FAG Holding is hereby protesting Customs’ refusal to grant relief under 1520(c)(1). We now proceed to review.


Whether Custom’s liquidation of the 54 entries within 6 months from the Commerce Department’s message #9287212 dated October 14, 1999 constituted a “mistake in fact” redressable under 1520(c)(1).


Initially we note that the protest was timely filed within 90 days from the Port’s refusal (dated May 2, 2001) to reliquidate entries under section 1520(c)(1). The liquidation dates for these 54 entries are February 25, 2000, March 3, 2000 and March 17, 2000. The 1520(c)(1) claim was submitted to the Port on Monday, February 26, 2001. The 1520(c)(1) claim was denied by the Port on May 2, 2001. This protest was filed on July 27, 2001. The matter is protestable under section 1514(a)(7), the port’s refusal to reliquidate under section 1520(c)(1).

In SCA International, Inc. v. U.S. (14 C.I.T. 59) the Court of International Trade stated that if an importer seeks to challenge a voidable liquidation, it must use the administrative protest mechanism of section 1514 unless it can prove that the liquidation is the result of a “mistake in fact”. A mistake in fact is defined defined as a mistake which takes place when some fact which indeed exists is unknown, or a fact which is thought to exist, in reality does not exist”. C.J. Tower & Sons of Buffalo, Inc. v U.S. 68 Cust. Ct. 17, 22, C.D. 4327, 336 F. Supp. 1395 (1972), 490 F.2d. 1277 (1977). The courts have consistently held that section 1520(c)(1) may only be used to correct mistakes of fact or inadvertence such as clerical or ministerial errors and may not be used to rectify incorrect interpretations of the law (Hambro Automotive Corp. v .U.S. 66 CCA 113, 120 C.A.D. 1231, 603 F.2d 850, 855 (1979); PPG Industries, Inc. v. U.S. 7 CIT 118, Slip Op. 84-27; Mattel Inc. v. U.S. 72 Cust Ct. 257, 262 , 377 F.Supp. 955, 960 (1974). Section 1520 (c)(1) is not an alternative to the normal liquidation protest method of obtaining review” but rather affords “limited relief” where an unnoticed or unintentional error has been committed (Computime Inc. v. U.S. 9 CIT 553 (1985) citing. C.J. Tower & Sons, 336 F. Supp. p.1398). The relief provided under 1520(c)(1) is not an “alternative” to the relief provided for in the form of protests under 19 U.S.C. 1514.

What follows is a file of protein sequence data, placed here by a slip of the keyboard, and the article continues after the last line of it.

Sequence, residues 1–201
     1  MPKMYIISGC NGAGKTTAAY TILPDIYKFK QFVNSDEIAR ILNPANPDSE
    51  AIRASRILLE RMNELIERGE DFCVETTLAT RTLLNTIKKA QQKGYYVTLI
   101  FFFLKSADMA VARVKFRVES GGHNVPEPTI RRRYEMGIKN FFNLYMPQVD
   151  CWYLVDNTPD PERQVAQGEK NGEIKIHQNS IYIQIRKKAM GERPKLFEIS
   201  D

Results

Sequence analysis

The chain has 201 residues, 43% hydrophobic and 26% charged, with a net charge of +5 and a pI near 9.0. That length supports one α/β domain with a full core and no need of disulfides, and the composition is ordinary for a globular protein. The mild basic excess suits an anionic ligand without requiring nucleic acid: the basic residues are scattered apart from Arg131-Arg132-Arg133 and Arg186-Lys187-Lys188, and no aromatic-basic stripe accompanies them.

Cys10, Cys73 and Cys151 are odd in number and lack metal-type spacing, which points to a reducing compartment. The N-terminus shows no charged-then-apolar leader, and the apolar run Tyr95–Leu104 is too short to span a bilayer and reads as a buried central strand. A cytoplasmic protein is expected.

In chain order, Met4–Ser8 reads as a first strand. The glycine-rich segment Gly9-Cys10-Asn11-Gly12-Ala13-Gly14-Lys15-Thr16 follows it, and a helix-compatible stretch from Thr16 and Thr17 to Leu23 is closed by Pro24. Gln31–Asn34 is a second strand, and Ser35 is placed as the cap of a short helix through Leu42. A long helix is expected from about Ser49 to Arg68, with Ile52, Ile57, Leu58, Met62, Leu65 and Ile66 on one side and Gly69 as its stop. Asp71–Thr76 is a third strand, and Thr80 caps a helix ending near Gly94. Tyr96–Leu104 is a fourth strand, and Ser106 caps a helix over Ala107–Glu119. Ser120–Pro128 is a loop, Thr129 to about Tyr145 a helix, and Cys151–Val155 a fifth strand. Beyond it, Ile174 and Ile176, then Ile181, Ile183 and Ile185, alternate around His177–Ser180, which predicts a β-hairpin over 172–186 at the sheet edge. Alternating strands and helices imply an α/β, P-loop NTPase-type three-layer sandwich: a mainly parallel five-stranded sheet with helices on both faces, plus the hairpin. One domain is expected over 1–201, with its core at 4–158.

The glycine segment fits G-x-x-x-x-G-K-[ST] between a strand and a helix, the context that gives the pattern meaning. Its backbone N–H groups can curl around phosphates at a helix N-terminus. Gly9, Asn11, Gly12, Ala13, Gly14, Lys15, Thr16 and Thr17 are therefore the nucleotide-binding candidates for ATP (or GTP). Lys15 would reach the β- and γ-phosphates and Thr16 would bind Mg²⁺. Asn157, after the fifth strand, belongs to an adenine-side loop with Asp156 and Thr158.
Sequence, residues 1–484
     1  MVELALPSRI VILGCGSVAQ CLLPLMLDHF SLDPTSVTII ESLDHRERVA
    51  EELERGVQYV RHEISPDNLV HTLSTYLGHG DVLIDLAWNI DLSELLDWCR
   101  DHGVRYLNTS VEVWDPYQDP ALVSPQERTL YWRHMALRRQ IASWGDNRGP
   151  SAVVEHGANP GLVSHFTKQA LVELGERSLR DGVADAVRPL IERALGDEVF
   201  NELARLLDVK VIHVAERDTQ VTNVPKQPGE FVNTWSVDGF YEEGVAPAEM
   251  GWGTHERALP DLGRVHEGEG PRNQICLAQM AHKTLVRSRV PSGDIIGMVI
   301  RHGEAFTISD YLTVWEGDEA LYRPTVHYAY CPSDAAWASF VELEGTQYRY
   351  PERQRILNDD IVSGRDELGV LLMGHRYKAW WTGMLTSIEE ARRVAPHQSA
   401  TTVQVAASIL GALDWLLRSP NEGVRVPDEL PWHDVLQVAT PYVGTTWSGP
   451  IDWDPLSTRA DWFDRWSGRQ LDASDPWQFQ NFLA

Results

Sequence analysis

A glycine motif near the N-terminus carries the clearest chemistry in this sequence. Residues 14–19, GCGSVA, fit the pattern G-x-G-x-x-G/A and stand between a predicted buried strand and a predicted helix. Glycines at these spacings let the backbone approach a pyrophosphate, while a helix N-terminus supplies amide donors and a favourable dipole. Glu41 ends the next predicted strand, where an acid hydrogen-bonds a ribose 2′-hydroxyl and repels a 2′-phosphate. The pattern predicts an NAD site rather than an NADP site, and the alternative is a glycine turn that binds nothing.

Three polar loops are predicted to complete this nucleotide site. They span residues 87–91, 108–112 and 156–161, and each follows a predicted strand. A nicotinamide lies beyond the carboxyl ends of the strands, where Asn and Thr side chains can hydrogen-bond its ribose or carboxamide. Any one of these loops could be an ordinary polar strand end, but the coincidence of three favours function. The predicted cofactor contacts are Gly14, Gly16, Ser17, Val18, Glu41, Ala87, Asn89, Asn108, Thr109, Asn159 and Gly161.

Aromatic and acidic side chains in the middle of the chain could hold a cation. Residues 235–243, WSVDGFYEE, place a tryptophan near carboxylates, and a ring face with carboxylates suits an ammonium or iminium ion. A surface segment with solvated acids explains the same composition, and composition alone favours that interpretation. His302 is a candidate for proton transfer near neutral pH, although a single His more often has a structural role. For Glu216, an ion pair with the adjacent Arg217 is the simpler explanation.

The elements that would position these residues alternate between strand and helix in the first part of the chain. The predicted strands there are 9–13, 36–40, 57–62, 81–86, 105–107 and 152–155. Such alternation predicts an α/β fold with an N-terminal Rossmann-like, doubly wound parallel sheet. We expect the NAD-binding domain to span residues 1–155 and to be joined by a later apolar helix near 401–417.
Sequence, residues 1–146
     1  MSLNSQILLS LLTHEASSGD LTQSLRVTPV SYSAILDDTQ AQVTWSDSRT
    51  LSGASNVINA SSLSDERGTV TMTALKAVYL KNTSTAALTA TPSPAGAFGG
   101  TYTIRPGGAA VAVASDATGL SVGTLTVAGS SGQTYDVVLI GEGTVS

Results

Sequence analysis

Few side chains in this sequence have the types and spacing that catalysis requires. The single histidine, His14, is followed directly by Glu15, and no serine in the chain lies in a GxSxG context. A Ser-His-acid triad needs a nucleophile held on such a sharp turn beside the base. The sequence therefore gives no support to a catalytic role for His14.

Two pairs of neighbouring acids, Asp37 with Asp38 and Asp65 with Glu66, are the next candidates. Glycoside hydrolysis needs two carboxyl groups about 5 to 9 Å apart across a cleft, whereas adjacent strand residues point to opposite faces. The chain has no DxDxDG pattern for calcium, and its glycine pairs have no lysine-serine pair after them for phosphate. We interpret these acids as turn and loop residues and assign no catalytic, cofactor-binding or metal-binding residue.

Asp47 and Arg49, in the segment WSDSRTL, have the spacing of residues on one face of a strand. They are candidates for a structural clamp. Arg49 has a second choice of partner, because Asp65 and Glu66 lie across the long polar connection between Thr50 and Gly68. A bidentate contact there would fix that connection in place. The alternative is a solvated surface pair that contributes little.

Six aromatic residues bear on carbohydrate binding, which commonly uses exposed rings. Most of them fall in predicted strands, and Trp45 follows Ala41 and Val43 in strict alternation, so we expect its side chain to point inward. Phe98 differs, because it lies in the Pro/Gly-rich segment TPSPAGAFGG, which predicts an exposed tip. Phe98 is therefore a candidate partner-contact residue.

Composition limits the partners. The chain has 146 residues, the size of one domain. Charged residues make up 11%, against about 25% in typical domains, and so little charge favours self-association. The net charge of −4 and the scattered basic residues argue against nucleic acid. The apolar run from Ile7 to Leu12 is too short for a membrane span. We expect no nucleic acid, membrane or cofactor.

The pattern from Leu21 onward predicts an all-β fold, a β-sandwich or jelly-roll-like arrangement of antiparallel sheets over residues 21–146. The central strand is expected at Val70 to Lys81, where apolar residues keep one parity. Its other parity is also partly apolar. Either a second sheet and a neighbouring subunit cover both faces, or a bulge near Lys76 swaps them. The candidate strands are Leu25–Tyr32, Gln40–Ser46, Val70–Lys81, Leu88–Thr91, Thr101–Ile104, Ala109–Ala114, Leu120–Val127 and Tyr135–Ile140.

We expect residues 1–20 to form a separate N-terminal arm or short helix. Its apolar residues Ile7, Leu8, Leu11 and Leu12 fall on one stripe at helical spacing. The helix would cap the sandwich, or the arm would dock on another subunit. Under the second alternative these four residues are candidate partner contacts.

We have to determine whether the liquidations made by Customs were improperly made as a result of a mistake in fact redressable under section 1520(c)(1) or whether the actions are the result of Customs’ interpretation of law reviewable only through the processes set under section 1514.

FAG Holding argues that Customs committed a mistake in fact because it had no knowledge of the true facts, meaning, that the entries had already been liquidated by operation of law under section1504.

We find that FAG Holding has failed to establish that Customs’ liquidation of these entries, following the instructions of Commerce Department message # 9287212, were the result of a “mistake in fact” redressable under section 1520(c)(1). The process by which Customs receives notice from Commerce and imparts it to the field is an issue relating to the legal interpretation of the statutes that covers such notices, 19 U.S.C. 1675(a)(3)(B) and 1504(d).

The SCA International case relates to an issue pertaining deemed liquidation and notices of “suspension” under section 1504. It treats the “deemed liquidation” as a “legal position” relating to the construction of law. As in the Fujitsu case, the court analyzed the issue of deemed liquidation strictly as a legal issue which necessarily required a legal interpretation of these statutes. Being such the case, we find that FAG Holding’s allegation that the deemed liquidation constitutes a “mistake in fact” is contrary to the analysis made in the Fujitsu case.